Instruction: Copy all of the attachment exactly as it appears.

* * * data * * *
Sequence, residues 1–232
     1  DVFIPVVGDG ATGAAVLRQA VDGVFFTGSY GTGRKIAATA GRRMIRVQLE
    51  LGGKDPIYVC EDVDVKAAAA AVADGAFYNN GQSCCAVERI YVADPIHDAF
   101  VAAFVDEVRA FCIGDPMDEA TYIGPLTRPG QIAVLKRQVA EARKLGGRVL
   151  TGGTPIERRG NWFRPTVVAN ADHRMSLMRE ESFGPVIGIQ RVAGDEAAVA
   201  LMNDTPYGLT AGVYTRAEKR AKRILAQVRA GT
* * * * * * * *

Sequence, residues 1–232
     1  DVFIPVVGDG ATGAAVLRQA VDGVFFTGSY GTGRKIAATA GRRMIRVQLE
    51  LGGKDPIYVC EDVDVKAAAA AVADGAFYNN GQSCCAVERI YVADPIHDAF
   101  VAAFVDEVRA FCIGDPMDEA TYIGPLTRPG QIAVLKRQVA EARKLGGRVL
   151  TGGTPIERRG NWFRPTVVAN ADHRMSLMRE ESFGPVIGIQ RVAGDEAAVA
   201  LMNDTPYGLT AGVYTRAEKR AKRILAQVRA GT